Capable of much more

When we first met Nick three years ago, after years of speech therapy, he had almost no speech. Shortly after he was introduced to Proloquo2Go on an iPad, he learned to use it to ask for preferred activities and request his favorite foods (see video).

Revisiting Nick

Today, Nick's spoken language has improved markedly but he continues to use Proloquo2Go to communicate everyday wants and needs, his favorite people and activities, and his feelings. However, more abstract social language, like asking questions and commenting, is coming along more slowly. This is not unusual for individuals learning to use AAC.

Communication in social situations is challenging for most individuals on the Autism spectrum. Learning how to start, end or continue a conversation takes teaching and practice.
Nick has the ability to use Proloquo2Go to meet his basic needs. But those who love him know he is capable of much more. Like many with autism, Nick continues to need intensive and on-going supports to help him keep building his social communication skills. These skills will be crucial to Nick's future independence and quality of life.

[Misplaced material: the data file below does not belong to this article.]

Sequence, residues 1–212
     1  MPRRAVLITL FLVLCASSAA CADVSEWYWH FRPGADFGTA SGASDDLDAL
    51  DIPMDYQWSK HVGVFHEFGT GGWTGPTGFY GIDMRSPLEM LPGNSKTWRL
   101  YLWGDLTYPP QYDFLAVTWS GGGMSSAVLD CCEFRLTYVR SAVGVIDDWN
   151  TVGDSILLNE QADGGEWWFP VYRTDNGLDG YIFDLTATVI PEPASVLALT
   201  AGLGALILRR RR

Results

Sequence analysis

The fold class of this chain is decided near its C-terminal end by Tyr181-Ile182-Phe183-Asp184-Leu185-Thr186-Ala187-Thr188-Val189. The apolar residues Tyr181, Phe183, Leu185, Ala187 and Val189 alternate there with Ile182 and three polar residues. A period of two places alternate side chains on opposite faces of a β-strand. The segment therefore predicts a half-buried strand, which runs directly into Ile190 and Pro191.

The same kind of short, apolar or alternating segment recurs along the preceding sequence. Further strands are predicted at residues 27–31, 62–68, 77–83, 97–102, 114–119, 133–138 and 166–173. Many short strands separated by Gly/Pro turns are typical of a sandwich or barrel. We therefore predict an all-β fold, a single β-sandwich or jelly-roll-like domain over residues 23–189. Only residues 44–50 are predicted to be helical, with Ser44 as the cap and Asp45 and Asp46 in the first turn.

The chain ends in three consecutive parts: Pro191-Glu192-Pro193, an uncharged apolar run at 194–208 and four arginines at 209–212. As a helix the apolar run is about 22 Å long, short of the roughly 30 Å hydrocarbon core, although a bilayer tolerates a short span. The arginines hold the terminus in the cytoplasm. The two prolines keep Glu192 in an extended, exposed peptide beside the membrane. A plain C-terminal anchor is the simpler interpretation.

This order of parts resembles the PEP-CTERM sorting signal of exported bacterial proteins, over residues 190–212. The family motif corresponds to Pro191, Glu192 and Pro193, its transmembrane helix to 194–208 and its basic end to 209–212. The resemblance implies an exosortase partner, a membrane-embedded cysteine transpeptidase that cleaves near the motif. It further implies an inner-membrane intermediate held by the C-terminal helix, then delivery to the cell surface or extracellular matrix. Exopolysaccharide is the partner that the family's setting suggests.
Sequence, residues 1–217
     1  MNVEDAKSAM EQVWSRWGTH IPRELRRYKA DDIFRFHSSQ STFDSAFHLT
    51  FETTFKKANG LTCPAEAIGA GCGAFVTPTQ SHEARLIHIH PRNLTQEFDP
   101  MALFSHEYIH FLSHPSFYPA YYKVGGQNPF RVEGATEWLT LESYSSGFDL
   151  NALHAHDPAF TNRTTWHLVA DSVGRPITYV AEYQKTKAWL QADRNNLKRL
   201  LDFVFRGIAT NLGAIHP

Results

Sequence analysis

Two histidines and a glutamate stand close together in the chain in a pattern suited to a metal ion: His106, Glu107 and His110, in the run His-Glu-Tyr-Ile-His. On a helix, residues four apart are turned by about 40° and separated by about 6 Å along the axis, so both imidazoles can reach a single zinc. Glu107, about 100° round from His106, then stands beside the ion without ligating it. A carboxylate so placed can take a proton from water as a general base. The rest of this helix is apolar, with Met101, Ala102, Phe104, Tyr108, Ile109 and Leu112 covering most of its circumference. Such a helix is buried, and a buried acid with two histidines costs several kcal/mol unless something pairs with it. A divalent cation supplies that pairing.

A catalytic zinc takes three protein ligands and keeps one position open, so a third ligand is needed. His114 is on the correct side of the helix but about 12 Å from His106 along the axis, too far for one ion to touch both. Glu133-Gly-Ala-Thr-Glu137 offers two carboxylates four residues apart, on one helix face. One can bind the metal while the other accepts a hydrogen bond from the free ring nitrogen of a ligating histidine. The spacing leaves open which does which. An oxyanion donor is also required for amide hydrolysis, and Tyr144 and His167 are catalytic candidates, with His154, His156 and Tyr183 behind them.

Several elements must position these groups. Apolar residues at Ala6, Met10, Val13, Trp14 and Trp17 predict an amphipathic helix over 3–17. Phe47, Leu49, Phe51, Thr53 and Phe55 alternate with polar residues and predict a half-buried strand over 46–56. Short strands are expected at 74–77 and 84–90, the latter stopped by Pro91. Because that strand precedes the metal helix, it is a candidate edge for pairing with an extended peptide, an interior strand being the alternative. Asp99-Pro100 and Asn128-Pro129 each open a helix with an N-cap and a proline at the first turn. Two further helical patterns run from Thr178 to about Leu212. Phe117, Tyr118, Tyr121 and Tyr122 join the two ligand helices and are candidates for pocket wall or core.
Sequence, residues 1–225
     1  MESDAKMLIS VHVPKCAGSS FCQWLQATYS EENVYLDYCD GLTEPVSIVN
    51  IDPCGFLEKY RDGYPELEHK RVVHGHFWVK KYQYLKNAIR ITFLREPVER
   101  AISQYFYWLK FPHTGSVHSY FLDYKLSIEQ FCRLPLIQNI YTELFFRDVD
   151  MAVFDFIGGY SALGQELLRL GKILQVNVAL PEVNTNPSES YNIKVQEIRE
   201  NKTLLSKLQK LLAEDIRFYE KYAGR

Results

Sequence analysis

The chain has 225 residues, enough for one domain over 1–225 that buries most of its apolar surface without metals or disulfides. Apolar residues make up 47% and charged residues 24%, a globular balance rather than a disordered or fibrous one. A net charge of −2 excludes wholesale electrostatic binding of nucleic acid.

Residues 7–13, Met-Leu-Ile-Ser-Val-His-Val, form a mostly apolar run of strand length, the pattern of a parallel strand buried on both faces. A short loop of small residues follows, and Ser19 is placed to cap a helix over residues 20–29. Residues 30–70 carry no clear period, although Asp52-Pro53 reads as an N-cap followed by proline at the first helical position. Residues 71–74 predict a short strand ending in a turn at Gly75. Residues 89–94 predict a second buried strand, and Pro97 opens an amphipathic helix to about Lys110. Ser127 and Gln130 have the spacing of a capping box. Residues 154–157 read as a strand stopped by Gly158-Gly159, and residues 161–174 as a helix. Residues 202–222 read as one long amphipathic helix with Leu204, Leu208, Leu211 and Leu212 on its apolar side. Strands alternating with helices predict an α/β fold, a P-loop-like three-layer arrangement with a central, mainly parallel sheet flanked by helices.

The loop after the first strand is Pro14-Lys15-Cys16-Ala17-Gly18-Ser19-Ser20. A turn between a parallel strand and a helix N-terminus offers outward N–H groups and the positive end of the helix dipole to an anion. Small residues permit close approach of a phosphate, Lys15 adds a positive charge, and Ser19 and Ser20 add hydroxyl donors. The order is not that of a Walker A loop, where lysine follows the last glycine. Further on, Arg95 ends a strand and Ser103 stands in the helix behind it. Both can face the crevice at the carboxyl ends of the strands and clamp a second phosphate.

Supporting him all the way

While it would be easy to accept this current level of communication, Nick's parents and teachers know that for Nick to keep progressing they have to help him push through his current level of competence to the next level, which involves more abstract communication. As Nick's parents have discovered, a plateaued level of skill can last for some time. 
To get Nick to the next level, his parents and therapists use best-practice teaching strategies like aided language stimulation and modeling desired language on Nick's iPad frequently. With persistence and practice, they are helping Nick slowly break through, moving from talking about his own needs to talking about other people and the world around him. 

Sharing feelings

Cathy describes a recent scene: “We’ve had a cold, snowy winter here with many snowstorms. Recently, while we were eating dinner, my husband and I were discussing whether his father would be getting a lot of snow. Nick was quiet and we didn’t think he was paying much attention. After dinner, Nick went off by himself and when I tracked him down he was obviously upset about something. Using Proloquo2Go, Nick told me he was “worried”.
Nick managed to let me know that he was worried about how Grampy would do in the snowstorm. We used Proloquo2Go to find the words Nick needed. It wasn’t grammatical or elegant but it was clear to us what he meant. I called Grampy to check on him and afterwards Nick felt better.”
With the additional supports Nick is now receiving at home and at school, he is sure to break through this plateau.

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